All Posts By Food Network Magazine

Fresh Pick: A New Gift Box Idea

by in Food Network Magazine, Holidays, December 13th, 2012

Gift Basket

Step up your usual wrapping job this year by presenting gifts in these farmer’s berry baskets ($2.50 for six, plus $8 shipping; bakeitpretty.com). They’re just like the ones from the market and they’re the perfect size for homemade truffles or small presents like these polka-dot napkins from Anthropologie ($24 for four; anthropologie.com). The baskets are available in both pint and half-pint sizes.

(Photograph by Kang Kim)

Preheat Your Roasting Pan

by in Food Network Magazine, December 11th, 2012

Roasted Carrots and Peas

Hot Tips From Food Network Kitchens’ Katherine Alford:

To cut down on roasting time for dense vegetables like carrots and potatoes, preheat a metal baking sheet or roasting pan in the oven for at least 10 minutes. When the food hits the pan, it will get a blast of heat that jump-starts the cooking.

Finish Pasta in the Sauce

by in Food Network Magazine, December 4th, 2012

Pasta

Hot Tips From Food Network Kitchens’ Katherine Alford:

Drain your pasta when it’s just al dente, then cook it for a minute or 2 more in a skillet with the sauce. This lets the pasta absorb flavor from the sauce and it helps the sauce cling to the pasta. Try it with any simmered sauce (not pesto or carbonara), and if the sauce gets too thick, thin it with some of the pasta cooking water.

(Photograph by Christopher Testani)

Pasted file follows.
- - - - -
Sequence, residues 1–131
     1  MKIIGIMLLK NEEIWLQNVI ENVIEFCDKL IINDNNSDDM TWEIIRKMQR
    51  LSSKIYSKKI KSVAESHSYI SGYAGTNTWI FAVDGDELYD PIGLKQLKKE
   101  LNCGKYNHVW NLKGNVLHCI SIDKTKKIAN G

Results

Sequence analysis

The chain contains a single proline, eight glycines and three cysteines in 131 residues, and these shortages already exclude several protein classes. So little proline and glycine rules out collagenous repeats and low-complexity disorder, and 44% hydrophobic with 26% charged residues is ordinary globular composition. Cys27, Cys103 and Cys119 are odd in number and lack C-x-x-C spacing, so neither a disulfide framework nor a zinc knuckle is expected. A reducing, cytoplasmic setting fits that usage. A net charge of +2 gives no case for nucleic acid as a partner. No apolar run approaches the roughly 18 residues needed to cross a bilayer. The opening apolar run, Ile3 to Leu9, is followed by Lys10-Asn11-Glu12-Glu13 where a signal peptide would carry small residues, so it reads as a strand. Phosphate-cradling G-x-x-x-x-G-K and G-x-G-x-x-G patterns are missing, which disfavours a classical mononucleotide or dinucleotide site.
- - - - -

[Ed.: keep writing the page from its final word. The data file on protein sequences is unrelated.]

Starring Roll: Justin Warner’s Mashed Potato-Peanut Butter Candy

by in Food Network Magazine, November 20th, 2012

Justin Warner

Justin Warner doesn’t play by the rules. He eats jellyfish on Thanksgiving, serves cold-pizza terrine at his Brooklyn restaurant and writes rap songs about wine. But when Alton Brown, Giada De Laurentiis and Bobby Flay had to choose their teams of aspiring stars for the most recent season of Food Network Star, Justin’s unconventional approach caught Alton’s eye. Alton picked Justin for his group, and throughout the season Justin was a rebel, presenting wild combos like peanut butter–stuffed dates topped with seaweed. In the end, after 4.5 million viewers voted, Justin emerged as the winner. He says Alton’s guidance made all the difference. “It was a true mentorship,” Justin says. “Day one, Alton said, ‘No apologies.’ That’s how you win.”

Although Justin has been busy planning his new show (coming this fall), we managed to pull him aside for a quick Thanksgiving assignment: Come up with a fun new way to use leftover mashed potatoes. Justin took an old-fashioned candy idea and turned it on its head. Traditional mashed-potato candy is made with peanut butter, but Justin added umeboshi paste (Japanese plum paste) as a twist on peanut butter and jelly. Try the recipe (pictured after the jump).

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Peel Garlic in a Flash

by in Food Network Magazine, November 20th, 2012

garlic

Hot Tips From Food Network Kitchens’ Katherine Alford:

Smashing whole garlic cloves is the best way to peel them: Place the cloves on a cutting board, hold the flat side of a chef’s knife on top and give it a firm whack with the heel of your other hand. Use just enough force to split the skin and crack open the cloves; if you pulverize the garlic with a heavy-handed thud, it will be harder to peel.